Tag Archives: Nature Study

Keeping a Nature Journal

“Beauty is everywhere – in white clouds against the blue, in the gray bole of the beech, the play of a kitten, the lovely flight and beautiful coloring of birds, in the hills and valleys and the streams, in the wind-flower and the blossom of the bloom. What we call Nature is all Beauty and delight, and the person who watches Nature closely and knows her well, like the poet Wordsworth, for example, has his Beauty Sense always active, always bringing him joy.”

~ Charlotte Mason (Vol. 4, pp. 41, 42)

There is a book called Keeping a Nature Journal by Claire Walker Leslie and Charles E. Roth that has been much touted as an essential nature study book for homeschooling mothers who aren’t sure about how to DO nature journals in a Charlotte Mason Education. (You know – the moms who need to know everything about how to do something “right” before ever attempt to actually try it. 😉 ) A friend of mine gave it to me a couple of years ago and I have been reading it off and on since.

keeping-a-nature-journal-cover

This book contains many suggestions of ways to Nature Journal: what to include, how often to go out, how to record what you see, and more. There are many chapters full of actual samples of different types of journals – by layout, topic, area, seasons, weather, and more.  It also includes a few tips on how to draw different things in your journals – with some basic ideas of how to get more practice before going outdoors. One way the author gets time to draw in her nature journal when she is busy is by collecting a few objects while out on a walk – a seedpod, leaves, a feather – and taking them home to save for a time when she can sit for a few minutes to draw. It is in this act that she finds time to slow down, concentrate, then think and relax.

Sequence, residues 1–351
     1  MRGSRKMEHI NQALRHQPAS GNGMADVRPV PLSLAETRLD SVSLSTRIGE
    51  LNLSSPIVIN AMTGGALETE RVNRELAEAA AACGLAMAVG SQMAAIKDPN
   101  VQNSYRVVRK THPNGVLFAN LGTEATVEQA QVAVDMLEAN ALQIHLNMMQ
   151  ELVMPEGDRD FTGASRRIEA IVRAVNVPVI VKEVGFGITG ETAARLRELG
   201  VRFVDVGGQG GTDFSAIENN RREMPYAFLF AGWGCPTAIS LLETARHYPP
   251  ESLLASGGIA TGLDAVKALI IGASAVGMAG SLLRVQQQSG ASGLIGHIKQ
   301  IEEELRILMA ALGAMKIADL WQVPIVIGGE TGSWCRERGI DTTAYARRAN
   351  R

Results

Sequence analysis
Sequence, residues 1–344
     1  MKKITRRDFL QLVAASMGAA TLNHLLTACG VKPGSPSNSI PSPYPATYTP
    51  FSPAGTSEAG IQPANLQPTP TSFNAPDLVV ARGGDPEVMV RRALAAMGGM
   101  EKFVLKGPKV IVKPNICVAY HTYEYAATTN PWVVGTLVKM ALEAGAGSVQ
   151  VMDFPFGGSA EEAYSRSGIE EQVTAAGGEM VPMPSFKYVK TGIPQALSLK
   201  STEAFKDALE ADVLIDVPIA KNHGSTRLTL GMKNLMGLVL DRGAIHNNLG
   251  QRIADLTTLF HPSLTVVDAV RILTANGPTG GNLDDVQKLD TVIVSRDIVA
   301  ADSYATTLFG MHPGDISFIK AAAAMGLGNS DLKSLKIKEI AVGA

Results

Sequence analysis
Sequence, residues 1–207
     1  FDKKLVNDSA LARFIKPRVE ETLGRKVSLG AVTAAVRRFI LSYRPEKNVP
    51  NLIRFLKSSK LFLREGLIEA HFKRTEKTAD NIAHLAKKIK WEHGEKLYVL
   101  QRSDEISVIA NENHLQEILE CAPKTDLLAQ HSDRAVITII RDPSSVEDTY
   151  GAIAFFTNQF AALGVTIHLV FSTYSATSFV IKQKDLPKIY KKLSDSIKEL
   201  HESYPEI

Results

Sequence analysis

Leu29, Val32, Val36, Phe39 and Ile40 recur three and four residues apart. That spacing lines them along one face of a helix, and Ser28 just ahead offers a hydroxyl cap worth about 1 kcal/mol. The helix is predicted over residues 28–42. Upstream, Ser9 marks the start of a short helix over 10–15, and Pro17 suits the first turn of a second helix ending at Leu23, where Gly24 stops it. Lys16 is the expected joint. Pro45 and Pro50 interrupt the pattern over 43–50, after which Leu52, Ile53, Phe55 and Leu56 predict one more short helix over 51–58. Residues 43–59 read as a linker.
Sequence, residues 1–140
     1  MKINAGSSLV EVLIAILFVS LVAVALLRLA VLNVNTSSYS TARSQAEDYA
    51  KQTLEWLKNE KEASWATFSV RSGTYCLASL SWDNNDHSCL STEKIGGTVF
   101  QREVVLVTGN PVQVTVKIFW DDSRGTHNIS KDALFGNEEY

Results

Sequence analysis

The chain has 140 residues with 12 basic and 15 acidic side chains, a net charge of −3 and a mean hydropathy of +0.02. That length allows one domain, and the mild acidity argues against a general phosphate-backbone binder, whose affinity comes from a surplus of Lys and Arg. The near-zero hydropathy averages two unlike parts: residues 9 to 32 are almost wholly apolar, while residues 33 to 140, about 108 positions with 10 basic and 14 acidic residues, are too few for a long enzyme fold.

The book also has a section called Teaching Journaling to Groups of All Ages and gives specific tips on  how to interest adults, children, school groups and more  in starting and maintaining a nature journal.

We as teachers and mothers make Nature Study so hard when we think we have to find the pristine, untouched nature around us – and that paralyzes those of us in cities. How are we to do that realistically??  I was struck by Claire Walker Leslie’s comment about including human structures in our drawings – we are part of nature and the habitat.  When viewed this way, we can let go and enjoy ourselves in the moment.  And that is the beauty of it all – learning and living!

The Burgess Animal Book Study Guide

Burgess Animal BookI’m excited to offer a new FREE study guide for the Burgess Animal Book! We’ve been using it for the last year or so and really enjoying it, so I decided to clean it up and share it with you!

This new guide features lessons that have a variety of options to pick and choose (or use them all) to take the topics deeper and to incorporate more learning styles. Each lesson includes:

  • single chapter readings (either you read or listen to it on audio)
  • introduces the new animal(s)